A judge on Tuesday ordered Microsoft Corp. to stop selling Microsoft Word products in their current form in the U.S., but legal appeals or technical workarounds make an actual halt of sales unlikely.
The U.S. District Court for the Eastern District of Texas gave Microsoft 60 days to comply with the injunction, which forbids Microsoft from selling Word products that let people create custom XML documents, according to Toronto-based i4i Inc. The ruling, which also includes additional damages Microsoft must pay, are related to a patent infringement suit filed by i4i.
The most common versions of Word on the market now, 2003 and 2007, both allow users to create custom XML documents.
Microsoft did not reply to questions about the effect the injunction will have on it and its ability to sell Word in the U.S. In a statement it said it planned to appeal the verdict.
An appeal could stay the injunction but even if the injunction stands, Microsoft could potentially strip the functionality from Word or possibly build a workaround.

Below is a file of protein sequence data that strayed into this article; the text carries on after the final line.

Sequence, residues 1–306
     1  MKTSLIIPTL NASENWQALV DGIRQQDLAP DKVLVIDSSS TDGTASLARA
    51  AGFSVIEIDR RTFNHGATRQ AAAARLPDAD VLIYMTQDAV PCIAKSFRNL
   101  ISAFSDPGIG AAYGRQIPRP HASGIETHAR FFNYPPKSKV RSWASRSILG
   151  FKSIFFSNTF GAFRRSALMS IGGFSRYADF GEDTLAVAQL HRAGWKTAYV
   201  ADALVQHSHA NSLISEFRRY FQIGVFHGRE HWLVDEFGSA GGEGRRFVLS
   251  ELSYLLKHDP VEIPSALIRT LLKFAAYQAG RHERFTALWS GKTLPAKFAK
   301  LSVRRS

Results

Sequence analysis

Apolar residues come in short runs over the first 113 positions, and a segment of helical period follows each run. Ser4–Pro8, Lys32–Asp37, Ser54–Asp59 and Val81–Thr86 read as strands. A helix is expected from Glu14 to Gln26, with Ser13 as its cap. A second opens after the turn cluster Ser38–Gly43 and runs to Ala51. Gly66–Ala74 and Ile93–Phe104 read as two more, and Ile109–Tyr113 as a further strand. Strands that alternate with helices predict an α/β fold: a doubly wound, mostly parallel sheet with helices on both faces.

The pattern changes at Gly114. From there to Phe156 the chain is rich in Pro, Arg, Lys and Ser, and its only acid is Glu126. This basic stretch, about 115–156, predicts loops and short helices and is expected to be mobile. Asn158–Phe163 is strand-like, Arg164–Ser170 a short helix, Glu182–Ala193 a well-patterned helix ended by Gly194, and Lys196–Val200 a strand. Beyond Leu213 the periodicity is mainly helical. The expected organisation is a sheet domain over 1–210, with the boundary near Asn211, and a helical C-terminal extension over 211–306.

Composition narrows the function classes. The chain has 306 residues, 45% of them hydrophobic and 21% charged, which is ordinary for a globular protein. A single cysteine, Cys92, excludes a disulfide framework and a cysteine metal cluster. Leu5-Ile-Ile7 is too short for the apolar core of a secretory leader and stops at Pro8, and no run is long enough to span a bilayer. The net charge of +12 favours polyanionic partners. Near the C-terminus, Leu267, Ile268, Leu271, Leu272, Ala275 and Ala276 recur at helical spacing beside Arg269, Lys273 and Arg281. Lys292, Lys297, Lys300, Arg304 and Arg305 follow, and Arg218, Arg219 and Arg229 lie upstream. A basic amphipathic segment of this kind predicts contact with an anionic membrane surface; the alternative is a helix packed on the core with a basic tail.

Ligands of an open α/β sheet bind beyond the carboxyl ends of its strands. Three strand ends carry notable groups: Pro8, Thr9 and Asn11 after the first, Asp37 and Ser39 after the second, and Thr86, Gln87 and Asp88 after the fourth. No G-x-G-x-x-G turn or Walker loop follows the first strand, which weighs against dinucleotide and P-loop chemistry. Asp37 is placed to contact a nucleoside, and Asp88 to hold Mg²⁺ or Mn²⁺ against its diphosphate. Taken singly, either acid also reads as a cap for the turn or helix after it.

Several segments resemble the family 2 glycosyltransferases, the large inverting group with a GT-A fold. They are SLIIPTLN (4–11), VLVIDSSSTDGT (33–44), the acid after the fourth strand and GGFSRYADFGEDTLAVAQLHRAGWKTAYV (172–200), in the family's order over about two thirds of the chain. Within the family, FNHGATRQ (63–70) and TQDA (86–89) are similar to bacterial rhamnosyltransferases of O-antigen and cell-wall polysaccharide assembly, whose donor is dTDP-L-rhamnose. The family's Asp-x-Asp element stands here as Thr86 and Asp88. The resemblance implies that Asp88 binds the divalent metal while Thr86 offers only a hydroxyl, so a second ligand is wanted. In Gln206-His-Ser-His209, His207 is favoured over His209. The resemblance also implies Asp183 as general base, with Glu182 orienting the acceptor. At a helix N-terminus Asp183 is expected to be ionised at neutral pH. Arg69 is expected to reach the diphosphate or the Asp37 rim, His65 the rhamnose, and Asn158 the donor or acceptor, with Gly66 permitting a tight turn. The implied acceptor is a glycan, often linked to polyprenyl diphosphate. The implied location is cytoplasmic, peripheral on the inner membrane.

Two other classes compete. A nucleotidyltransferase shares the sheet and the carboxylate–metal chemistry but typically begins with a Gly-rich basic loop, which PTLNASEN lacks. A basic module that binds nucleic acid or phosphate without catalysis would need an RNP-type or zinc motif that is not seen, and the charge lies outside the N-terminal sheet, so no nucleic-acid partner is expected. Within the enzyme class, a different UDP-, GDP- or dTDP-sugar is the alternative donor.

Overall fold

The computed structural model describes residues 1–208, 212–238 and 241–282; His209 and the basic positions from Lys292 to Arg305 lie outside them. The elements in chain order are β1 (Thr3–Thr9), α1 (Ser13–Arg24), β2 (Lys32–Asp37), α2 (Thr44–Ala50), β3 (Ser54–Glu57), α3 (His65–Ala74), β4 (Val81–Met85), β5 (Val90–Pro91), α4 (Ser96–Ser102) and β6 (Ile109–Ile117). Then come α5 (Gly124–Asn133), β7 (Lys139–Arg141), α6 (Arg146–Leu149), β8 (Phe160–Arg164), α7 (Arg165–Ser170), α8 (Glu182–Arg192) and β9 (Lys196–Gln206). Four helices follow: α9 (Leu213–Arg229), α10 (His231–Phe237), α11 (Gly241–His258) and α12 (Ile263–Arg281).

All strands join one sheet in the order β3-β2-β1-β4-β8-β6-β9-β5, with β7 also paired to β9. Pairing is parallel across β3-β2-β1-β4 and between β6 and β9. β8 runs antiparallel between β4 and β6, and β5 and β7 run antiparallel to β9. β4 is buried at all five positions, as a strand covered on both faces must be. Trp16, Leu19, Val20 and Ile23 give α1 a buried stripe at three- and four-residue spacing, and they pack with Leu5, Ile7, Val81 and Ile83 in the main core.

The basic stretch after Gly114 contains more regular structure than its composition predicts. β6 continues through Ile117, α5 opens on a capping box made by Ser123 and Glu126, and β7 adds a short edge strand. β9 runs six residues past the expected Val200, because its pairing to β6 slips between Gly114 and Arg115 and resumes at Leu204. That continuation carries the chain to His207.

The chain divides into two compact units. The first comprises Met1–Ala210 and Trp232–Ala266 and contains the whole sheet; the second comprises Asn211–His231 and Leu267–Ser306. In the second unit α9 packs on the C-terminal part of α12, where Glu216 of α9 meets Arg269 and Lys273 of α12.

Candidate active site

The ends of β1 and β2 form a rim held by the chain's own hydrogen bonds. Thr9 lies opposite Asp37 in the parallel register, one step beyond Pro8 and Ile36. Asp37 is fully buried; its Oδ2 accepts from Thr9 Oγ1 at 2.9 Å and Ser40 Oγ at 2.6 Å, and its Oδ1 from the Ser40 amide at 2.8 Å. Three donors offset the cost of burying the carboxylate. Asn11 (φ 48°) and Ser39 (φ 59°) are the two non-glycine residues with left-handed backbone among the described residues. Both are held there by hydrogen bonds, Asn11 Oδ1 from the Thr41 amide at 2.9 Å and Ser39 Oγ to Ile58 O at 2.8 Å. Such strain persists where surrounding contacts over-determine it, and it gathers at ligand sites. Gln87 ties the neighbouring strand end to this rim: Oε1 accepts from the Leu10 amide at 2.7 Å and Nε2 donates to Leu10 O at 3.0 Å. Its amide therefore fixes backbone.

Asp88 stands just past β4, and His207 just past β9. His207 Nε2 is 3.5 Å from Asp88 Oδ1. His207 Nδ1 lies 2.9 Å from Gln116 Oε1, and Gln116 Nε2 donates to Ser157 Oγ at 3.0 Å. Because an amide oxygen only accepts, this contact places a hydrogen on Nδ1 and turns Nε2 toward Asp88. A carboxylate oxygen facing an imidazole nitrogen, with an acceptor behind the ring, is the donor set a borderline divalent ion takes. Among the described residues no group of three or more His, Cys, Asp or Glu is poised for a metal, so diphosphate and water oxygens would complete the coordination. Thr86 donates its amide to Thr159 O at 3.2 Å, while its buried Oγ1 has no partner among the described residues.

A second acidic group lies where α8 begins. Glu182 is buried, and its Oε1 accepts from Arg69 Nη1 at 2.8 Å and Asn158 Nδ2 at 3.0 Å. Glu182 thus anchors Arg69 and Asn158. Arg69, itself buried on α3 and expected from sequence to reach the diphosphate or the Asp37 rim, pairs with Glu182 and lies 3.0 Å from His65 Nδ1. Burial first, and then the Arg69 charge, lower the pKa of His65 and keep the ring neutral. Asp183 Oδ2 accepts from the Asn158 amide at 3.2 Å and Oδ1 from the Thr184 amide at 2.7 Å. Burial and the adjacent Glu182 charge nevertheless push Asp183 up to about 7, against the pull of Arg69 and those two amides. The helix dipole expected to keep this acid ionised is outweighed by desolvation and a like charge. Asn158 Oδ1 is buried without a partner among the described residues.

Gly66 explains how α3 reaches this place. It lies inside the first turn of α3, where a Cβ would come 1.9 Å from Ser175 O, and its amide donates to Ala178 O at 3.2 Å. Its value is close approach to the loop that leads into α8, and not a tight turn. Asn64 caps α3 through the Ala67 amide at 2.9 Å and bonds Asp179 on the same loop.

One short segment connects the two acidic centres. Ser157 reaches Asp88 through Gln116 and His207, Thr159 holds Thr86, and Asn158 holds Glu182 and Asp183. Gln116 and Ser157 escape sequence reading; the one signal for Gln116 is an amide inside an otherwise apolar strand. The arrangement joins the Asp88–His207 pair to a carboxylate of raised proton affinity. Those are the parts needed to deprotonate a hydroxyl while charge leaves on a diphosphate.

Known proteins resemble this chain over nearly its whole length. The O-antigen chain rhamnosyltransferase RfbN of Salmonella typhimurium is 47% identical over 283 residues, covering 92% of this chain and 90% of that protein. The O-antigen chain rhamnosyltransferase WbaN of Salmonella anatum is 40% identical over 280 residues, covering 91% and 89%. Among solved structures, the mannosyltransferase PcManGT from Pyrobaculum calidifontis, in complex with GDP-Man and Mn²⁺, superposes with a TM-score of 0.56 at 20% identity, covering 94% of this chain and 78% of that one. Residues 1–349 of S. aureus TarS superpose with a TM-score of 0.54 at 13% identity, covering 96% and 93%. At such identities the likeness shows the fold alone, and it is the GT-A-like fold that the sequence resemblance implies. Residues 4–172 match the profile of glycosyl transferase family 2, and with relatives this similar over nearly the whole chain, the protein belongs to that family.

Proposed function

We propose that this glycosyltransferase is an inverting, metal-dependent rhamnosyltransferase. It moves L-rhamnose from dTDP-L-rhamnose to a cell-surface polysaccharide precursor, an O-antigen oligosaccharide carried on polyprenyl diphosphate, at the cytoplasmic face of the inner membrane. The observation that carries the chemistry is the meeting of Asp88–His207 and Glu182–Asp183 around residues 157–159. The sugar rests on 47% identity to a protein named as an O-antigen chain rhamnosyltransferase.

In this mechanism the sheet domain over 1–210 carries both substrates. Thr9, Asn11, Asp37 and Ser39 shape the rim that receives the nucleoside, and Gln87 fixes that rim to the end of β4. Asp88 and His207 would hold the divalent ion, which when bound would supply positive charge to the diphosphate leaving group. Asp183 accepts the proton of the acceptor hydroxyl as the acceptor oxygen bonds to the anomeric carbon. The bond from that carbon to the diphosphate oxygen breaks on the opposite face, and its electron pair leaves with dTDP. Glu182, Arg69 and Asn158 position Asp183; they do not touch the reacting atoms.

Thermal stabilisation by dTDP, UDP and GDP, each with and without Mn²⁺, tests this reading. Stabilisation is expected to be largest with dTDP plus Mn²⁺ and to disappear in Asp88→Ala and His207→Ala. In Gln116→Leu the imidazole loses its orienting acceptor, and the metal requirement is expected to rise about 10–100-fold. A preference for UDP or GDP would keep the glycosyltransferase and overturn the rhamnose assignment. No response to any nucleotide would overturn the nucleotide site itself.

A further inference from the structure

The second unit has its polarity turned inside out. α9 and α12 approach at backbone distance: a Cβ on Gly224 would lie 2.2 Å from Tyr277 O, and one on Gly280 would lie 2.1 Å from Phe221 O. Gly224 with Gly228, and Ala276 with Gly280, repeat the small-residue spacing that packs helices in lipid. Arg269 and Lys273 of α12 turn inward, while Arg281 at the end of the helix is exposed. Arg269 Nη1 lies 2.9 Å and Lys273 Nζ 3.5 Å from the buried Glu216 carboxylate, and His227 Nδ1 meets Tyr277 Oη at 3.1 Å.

The ruling is unlikely to affect anyone any time soon, said Michael Cherry, an analyst with Directions on Microsoft. “It’s going to take a long time for this kind of thing to get sorted out,” he said.
Custom XML allows people to create forms or templates such that words in certain fields are tagged and then can be managed in a database, said Loudon Owen, a spokesman for i4i. Large companies and government agencies, for example, might create such templates.
I4i’s patent covers technology that lets end users manipulate document architecture and content.
In a March 2007 suit, i4i charged Microsoft with willfully infringing its patent. Earlier this year, a jury in the Texas court ordered Microsoft to pay i4i US$200 million for infringing the patent.
Owen said that if the injunction stands, end users who use custom XML in Word will have to find another way to create templates. “Hopefully you’re going to call us because our intention is to support custom XML,” he said.
The judge also ruled that Microsoft should pay an additional $40 million for willful infringement of the patents and over $37 million in prejudgment interest. That brings total damages to more than $290 million.